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Synergetics: Explorations in the Geometry of Thinking


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#35 Turtle

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Posted 21 September 2008 - 10:38 PM

Read it long ago, and am trying to catch up now.

I love Uncle Buckster, but I'll tell ya' I often find his penchant for supercilious locquaciousness is obfuscating and sometimes comes across as faux sagacity!

He was seriously smart, so its fun to try to follow along, but sometimes I so feel like Alice having half a cuppa tea!

Speak English! I don't know the meaning of half those long words, and I don't believe you do either! :phones:
Buffy


:hyper: Now that I agree with. :hihi: If you pardon the pun, Fuller seems to have a bit of a chip on his shoulder from bucking the status quo. :doh:

I quite agree with you. And the moral of that is: Be what you would seem to be, or if you'd like it put more simply: Never imagine yourself not to be otherwise than what it might appear to others that what you were or might have been was not otherwise than what you had been would have appeared to them to be otherwise. :turtle:

:lol:
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#36 modest

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Posted 22 September 2008 - 12:55 AM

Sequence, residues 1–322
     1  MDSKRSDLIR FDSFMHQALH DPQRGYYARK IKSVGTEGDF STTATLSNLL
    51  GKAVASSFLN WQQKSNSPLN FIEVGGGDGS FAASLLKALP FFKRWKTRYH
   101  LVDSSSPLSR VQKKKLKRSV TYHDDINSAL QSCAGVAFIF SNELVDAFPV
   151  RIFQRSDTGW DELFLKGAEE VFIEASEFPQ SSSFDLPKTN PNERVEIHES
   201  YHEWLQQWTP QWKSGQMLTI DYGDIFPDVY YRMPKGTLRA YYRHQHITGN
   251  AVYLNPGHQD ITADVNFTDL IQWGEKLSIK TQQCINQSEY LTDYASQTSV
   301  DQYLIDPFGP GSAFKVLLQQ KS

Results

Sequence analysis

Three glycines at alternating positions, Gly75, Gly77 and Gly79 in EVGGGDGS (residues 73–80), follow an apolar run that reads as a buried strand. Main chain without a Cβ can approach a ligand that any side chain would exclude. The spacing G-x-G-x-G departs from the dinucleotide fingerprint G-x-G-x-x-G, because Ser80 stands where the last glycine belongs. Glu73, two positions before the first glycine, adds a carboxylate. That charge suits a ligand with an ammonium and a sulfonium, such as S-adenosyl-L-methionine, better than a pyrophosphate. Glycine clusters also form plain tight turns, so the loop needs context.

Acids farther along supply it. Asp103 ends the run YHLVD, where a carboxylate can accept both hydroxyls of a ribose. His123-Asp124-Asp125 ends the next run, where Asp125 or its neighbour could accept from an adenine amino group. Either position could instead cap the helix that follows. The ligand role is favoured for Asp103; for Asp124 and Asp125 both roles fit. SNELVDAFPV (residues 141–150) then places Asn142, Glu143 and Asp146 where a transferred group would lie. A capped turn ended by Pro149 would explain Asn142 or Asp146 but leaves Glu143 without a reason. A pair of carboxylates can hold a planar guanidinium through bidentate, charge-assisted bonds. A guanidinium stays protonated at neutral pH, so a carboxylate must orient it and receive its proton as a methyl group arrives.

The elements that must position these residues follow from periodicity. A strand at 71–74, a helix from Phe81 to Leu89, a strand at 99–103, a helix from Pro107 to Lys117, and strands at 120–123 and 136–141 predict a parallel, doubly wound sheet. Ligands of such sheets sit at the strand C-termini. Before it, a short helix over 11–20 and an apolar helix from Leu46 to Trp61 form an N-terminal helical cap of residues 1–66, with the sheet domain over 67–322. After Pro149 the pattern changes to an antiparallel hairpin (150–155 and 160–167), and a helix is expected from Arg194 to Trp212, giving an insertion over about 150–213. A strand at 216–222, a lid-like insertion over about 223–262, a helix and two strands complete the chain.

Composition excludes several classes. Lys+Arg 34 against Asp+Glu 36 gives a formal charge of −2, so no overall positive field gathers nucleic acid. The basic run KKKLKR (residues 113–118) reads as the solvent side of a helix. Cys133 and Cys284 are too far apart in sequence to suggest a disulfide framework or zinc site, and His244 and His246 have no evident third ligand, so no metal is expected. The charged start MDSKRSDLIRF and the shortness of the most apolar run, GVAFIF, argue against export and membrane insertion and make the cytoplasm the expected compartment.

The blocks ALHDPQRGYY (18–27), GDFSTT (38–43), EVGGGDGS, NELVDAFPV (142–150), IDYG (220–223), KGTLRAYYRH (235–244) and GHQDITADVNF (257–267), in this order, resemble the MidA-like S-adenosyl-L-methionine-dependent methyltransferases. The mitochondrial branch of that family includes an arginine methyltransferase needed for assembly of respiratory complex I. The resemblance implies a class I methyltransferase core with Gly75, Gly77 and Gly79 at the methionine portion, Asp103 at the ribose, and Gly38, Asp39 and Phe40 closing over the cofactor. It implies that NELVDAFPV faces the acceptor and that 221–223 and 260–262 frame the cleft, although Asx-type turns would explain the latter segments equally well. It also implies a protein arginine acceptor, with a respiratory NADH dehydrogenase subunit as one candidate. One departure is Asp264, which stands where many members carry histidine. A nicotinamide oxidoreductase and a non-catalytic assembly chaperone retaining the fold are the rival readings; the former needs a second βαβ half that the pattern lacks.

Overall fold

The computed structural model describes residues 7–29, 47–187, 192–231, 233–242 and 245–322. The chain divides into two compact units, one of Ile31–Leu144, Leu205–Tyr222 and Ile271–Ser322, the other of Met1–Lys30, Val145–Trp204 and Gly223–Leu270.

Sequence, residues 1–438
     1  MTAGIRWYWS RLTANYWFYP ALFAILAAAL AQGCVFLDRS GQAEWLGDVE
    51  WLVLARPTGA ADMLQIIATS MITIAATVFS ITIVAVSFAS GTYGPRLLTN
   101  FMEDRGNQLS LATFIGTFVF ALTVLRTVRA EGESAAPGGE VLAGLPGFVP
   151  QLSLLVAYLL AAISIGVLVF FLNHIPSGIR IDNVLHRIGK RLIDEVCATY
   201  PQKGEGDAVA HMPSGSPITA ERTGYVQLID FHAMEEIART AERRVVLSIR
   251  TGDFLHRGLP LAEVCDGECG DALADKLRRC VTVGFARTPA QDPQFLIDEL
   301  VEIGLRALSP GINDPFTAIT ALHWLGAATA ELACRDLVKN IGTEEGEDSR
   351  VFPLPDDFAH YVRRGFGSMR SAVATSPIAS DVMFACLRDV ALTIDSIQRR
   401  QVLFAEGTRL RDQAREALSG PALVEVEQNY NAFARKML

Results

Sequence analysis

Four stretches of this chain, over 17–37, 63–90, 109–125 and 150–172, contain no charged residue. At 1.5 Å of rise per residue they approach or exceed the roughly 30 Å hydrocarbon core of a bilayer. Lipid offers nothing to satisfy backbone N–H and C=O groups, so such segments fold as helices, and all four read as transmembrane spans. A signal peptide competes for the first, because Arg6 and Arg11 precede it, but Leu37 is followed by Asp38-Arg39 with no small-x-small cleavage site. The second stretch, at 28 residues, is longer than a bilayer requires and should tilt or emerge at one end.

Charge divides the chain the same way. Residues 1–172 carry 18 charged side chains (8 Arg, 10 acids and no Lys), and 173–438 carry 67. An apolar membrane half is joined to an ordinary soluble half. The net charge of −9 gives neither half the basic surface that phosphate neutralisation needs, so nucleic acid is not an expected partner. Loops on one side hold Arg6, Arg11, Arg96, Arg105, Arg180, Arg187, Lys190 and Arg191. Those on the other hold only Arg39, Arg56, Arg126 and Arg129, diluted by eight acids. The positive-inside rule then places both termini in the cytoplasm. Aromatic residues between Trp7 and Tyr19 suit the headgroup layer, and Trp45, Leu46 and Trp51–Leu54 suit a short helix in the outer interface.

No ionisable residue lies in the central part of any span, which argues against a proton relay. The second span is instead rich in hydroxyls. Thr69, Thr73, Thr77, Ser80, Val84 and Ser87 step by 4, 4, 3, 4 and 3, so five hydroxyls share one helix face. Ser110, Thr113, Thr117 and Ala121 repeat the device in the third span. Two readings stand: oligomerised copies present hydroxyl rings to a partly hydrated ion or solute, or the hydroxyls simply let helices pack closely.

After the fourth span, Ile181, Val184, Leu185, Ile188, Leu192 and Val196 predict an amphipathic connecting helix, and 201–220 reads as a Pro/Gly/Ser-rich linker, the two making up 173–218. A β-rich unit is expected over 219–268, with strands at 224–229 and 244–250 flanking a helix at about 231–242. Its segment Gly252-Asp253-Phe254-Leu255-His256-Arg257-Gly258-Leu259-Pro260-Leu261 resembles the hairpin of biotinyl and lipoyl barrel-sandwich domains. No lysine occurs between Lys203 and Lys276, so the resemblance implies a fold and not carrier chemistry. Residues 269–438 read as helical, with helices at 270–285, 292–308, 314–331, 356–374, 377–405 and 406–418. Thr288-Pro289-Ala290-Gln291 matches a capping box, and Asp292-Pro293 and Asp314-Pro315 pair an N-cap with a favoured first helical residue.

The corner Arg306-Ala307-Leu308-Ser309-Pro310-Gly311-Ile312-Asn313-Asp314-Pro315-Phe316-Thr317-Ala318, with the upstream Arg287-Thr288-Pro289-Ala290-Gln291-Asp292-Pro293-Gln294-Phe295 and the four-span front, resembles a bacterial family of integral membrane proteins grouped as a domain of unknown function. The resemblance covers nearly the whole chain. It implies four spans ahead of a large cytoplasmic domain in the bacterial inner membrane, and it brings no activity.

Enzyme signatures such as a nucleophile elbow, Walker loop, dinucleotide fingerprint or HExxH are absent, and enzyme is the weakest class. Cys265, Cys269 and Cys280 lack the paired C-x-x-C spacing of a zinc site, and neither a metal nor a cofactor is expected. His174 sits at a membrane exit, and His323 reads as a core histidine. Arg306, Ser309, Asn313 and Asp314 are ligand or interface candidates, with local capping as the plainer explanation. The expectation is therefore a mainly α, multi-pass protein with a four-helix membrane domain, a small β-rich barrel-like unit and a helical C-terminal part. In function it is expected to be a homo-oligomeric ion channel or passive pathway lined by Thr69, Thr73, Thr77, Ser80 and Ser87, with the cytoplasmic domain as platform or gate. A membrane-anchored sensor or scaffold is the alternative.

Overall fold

and being as how the last section introduced the icosahedron...

Posted Image


Very sweet! Can I play with the icosahedron too? :phones:

YouTube - Icosahedron

Did fuller mention the red, blue, and gree squares are golden?

~modest

EDIT: T, I used an unfamiliar computer when rendering that video. I think it used a funky codec encoding it. Let me know if you have trouble playing it and I'll redo it.
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#37 Turtle

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Posted 22 September 2008 - 12:58 AM

Posted Image

Posted Image

Likeable or not, Fuller rigorously adds to Euler's geometric accounting. I have a rather good & hopeful outlook that if Leonhard had seen some of Bucky's work that he would say, "why didn't I think of that!?" (the geodesic dome & the dymaxion map projection for examples) In any case, I have waded through far worse verbiage on less promise before, and already I have some new insights. To whit:

I once before built the A quanta modules from the planar net, but out of folded paper. It wasn't until I made the open straw models that I saw how it was possible to grap one edge & pull it through a face and out pops the same thing but changed right/left. (or the other way. :phones::lol: ) Then I realized that the same is true of the tetrahedron, except it is completely symmetric so you can't tell right-from left, or inside from outside. A little epiphany. :doh: